With my own trip to Val Thorens coming soon (leave on Friday night - ridiculously excited!), I started getting a few bits together, and have been thinking about what to wear. Val Thorens is high - 3200m at the top - and temperatures have been as low as -17C in the last few weeks, so keeping warm is vital if you want to enjoy the slopes...
In this blog, I'll share some of the techniques through which you can keep your body warm. For those with a short attention span, here's the key thing;
The most common approach to this is 3-layer rule of layering. Layering gives you the adaptability to include or remove layers, based upon the climate conditions (which can change quickly) and your movement level. These are the layers that you will need to wear:
1. Wicking / Base Layer
This is the layer worn alongside your skin, most often a long sleeve top and pair of "long-johns" which come with an abundance of high tech names . Search for warm clothing made of a manufactured - more often than not polyester - fibre that has "wicking" control. This implies the strands will wick (move) dampness far from your skin and go it through the texture so it will dissipate. This keeps you warm, dry and comfortable. The one "don't" is cotton really - as comfortable as it is, it absorbs moisture, becomes damp and that dampness can get cold... and despite the fact that it's icy, you will sweat! So look for a technical fabric with wicking - most of the high street stores do this type of base layer, my preferred options:
Personal favourites are my Big Crocodile top - very comfy, warm and technical fabric - and Absolute 360 Infrared leggings - these are genius, AND warm! Both of these brands are also small UK businesses, like us - so that's even better!! Links are at the end of this post - why not go check them out??
2. Protecting Layer
This centre layer (or layers!!) is where fleece tops and/or down are found. The thinking here is that more layers are better than 1 thick layer in order to keep warm in and icy out, which they do by catching air between the fibres. I tend to go with fleece as a start point and add a down or fleece gilet if it's really cold. Again, these are in plentiful supply - I personally have a few different models - Jack Wolfskin being my preferred brand. I also have a couple of Uniqlo Ultra Light Down gilets (oh and coats - great for warmer blue sky ski days!!). There is always one in my backpack!
3. Security Layer
The outside layer, for the most part a shell jacket and trouser combination and jeans, are crucial. They need to be waterproof to resist snow, slush or (please no) rain and have some form of windstopper membrane, at the same time there needs to be breathability giving moisture a chance to vanish. I've got some great O'Neill kit that I have had the eGlove logo added to (of course). For me they represent the perfect mix of look, quality, performance and price! I've always had a soft spot for O'Neill - I used to have some ski gear of thiers in the 90's... In fact, it's probably in the loft and fashionable again now... ;-)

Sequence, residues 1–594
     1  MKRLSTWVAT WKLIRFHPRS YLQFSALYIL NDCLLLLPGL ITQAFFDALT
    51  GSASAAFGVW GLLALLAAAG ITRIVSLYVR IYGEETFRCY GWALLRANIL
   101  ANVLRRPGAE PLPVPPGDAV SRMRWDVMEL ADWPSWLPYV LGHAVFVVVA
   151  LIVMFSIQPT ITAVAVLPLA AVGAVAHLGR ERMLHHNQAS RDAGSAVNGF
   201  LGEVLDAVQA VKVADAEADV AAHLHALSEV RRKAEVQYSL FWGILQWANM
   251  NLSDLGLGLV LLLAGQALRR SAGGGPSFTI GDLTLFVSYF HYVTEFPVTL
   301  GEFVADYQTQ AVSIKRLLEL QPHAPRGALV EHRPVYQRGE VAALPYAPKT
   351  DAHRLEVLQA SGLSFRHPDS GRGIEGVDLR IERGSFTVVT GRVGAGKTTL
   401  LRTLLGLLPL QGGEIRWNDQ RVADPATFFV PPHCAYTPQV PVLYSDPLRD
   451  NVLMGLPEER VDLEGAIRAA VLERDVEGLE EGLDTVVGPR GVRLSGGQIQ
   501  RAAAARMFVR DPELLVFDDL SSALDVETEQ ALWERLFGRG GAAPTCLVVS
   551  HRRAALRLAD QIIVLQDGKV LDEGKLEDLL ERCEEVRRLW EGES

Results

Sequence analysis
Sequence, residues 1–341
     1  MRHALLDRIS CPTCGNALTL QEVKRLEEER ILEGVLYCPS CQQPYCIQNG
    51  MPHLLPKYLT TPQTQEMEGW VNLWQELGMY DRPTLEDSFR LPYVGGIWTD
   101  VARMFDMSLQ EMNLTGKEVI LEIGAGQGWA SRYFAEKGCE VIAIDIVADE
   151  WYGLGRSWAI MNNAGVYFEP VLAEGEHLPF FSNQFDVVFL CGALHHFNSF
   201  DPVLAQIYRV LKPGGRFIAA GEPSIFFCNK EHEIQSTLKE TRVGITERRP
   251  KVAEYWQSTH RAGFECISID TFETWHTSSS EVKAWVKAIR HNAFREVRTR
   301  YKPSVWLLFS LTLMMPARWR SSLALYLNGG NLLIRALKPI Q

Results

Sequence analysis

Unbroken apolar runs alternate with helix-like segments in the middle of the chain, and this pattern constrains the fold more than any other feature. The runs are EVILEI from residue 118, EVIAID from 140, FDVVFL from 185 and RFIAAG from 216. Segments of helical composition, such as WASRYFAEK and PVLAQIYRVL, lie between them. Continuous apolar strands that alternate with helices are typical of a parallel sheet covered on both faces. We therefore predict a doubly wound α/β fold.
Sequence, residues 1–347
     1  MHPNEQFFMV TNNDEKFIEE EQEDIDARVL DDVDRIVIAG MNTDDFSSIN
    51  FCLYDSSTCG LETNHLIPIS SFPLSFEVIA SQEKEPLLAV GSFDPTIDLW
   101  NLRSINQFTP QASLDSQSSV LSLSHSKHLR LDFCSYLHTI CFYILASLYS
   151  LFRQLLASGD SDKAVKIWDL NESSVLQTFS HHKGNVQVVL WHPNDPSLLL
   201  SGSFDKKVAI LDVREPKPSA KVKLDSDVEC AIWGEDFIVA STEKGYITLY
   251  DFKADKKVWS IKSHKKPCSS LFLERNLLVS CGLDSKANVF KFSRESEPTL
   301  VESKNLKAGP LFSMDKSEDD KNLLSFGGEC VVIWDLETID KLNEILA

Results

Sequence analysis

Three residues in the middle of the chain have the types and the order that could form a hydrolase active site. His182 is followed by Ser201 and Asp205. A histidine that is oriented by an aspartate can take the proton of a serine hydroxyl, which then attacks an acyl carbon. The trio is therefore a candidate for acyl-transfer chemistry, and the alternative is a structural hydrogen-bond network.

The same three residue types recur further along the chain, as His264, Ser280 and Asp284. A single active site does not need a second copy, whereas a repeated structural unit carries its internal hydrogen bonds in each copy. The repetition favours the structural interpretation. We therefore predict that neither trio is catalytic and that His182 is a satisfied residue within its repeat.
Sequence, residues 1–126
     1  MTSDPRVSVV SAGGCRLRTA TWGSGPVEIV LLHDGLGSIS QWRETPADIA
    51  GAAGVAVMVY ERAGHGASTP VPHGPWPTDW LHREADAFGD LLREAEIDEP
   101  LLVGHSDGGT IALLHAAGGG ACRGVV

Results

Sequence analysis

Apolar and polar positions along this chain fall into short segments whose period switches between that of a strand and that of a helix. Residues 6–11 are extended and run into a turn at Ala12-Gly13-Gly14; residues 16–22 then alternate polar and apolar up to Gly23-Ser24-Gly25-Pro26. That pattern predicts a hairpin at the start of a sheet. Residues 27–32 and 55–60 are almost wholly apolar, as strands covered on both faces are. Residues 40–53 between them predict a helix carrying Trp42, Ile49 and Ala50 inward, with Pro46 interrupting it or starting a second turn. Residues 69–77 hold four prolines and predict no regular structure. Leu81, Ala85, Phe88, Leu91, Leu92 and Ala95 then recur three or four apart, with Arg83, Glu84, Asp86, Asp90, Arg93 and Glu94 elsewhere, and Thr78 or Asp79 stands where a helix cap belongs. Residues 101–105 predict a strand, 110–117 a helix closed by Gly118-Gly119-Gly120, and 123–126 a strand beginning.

At this point we get onto peripherals!! Head, neck, hands and feet...
For the neck, I wear a buff/snood style neckwarmer. For me, it's more about keeping the wind off, and I've always scarves too warm (although, you guessed it, the Uniqlo HEATTECH scarf is AMAZING!) so I have a specially made Giraffe eGlove branded version - It's great for running, walking, cycling, and of course snowsports!! Soon to be available on the website! :-)
For Your Head
We all wear helmets these days don't we? 'Nuff said. Seriously though, don't risk not wearing a lid - an earlier blog talks about the dangers of hear injury. For apres, eGlove have always LOVED a Zaini, and the Melrose is packed and ready to go for next week!!
Least surprising part of this blog! Gloves!! Keeping your hands warm is one of the most important thing while doing skiing or snowboarding. With eGlove, all of our Ski gloves and Snowboard gloves are touchscreen compatible without removing the gloves - this extra dexterity means that you are able to use devices and do zips with warm gloved hand cosiness! Our ski glove range has been tested down to -20C and below - and keep your hands warm and dry in the toughest conditions... Some people though have their own preferred glove or mitt option - so we also do a touchscreen glove that can be used as a liner glove. These are a great option and liner gloves have always been a great idea for people who suffer with cold hands. UNTIL 9TH FEBRUARY 2017 THERE IS 20% OFF WITH CODE SNOW20 !!
Clearly you'll need either ski boots or snowboard boots. What goes under them is similarly as vital, and when selecting socks, comfort and warmth is key! My faves are some Salomon socks I picked up at TKMaxx of all places - warm and comfortable = happy! Sometimes, it's worth remembering that poorly fitting boots may actually be the issue rather than the socks - always make sure you have a pair of boots that don't restrict bloodflow and give your toes a little wriggle room!!
Hope this helps you have the best winter sport holiday possible!! Got any secrets to share? We'd welcome your comments!!
Selected websites for the gear highlighted: